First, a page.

Robert C.Y. Koh, Norman H. Brooks, Floyd Louis Vuillemot


The design and construction of a major ocean outfall and diffuser system for disposal of wastewater effluents is a complex process involving an interplay of requirements originating from various disciplines. These include, among others, considerations of physical oceanography, mixing and dispersion, treatment processes, regulatory requirements, marine geology, economics and construction. The recently completed Sand Island Outfall and the newly designed Barbers Point Outfall are both on the southern coast of the island of Oahu, Hawaii, and are designed for treated sewage effluents from the densely populated portion of the City and County of Honolulu. In this paper, some design considerations of these outfalls will be examined. The emphasis in this paper is on the hydrodynamics, although other design aspects are also discussed briefly. The design of a large submarine outfall must consider two basic objectives. First, the design must assure the physical integrity of the structure when subjected to the sometimes violent environment. Second, the mixing, dispersion and transport of the effluent must be such that environmental degradation is acceptably small and that water quality requirements are met. In addition, the design process also includes considerations of economics, overall system compatibility, and construction. The Sand Island Outfall was constructed in 1975-1976 while construction of the Barbers Point Outfall began in 1976. The cost of the Sand Island outfall was 13.7 million.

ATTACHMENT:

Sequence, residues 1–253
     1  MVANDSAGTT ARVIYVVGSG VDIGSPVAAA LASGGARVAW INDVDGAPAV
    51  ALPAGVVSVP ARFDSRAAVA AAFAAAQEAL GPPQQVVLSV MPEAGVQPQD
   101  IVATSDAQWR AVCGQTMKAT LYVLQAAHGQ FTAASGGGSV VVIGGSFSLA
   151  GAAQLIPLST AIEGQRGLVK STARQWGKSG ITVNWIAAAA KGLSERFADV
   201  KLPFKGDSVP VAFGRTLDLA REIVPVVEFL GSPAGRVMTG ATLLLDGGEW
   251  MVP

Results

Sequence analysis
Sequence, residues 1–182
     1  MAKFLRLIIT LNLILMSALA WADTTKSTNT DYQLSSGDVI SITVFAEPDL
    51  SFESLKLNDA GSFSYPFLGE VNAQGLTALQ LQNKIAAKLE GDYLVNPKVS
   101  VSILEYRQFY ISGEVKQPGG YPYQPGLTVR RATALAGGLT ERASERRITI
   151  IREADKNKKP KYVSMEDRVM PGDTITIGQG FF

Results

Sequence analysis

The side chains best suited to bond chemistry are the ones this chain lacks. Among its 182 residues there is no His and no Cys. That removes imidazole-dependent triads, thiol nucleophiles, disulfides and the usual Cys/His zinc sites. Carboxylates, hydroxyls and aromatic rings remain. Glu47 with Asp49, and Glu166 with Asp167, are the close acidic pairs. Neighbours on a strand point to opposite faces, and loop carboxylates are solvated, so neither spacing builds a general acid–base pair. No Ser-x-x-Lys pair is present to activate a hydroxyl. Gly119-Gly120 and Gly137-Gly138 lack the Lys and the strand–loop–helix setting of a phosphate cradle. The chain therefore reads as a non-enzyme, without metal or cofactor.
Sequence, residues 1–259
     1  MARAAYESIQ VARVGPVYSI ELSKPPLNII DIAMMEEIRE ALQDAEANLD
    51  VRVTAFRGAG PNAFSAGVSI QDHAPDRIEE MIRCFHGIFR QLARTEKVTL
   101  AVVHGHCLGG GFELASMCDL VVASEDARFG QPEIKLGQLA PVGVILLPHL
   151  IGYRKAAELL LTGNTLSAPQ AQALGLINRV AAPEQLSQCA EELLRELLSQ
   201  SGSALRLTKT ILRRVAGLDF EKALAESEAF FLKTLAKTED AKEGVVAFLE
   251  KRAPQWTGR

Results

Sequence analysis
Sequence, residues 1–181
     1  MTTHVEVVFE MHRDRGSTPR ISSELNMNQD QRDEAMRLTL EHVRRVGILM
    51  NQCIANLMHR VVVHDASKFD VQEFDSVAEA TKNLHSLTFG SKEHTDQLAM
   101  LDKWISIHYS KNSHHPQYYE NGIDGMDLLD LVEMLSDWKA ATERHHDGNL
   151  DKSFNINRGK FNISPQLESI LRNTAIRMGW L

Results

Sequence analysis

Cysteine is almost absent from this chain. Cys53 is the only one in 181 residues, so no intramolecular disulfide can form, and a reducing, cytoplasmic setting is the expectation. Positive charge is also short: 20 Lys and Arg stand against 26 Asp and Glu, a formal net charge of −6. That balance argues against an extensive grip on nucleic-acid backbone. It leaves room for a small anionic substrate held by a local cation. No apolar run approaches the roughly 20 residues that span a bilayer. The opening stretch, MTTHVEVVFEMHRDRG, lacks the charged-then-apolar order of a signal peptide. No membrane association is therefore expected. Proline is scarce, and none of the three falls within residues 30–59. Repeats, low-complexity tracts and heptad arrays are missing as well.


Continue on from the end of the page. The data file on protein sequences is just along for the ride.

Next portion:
design considerations; sand island; Barbers Point; outfall

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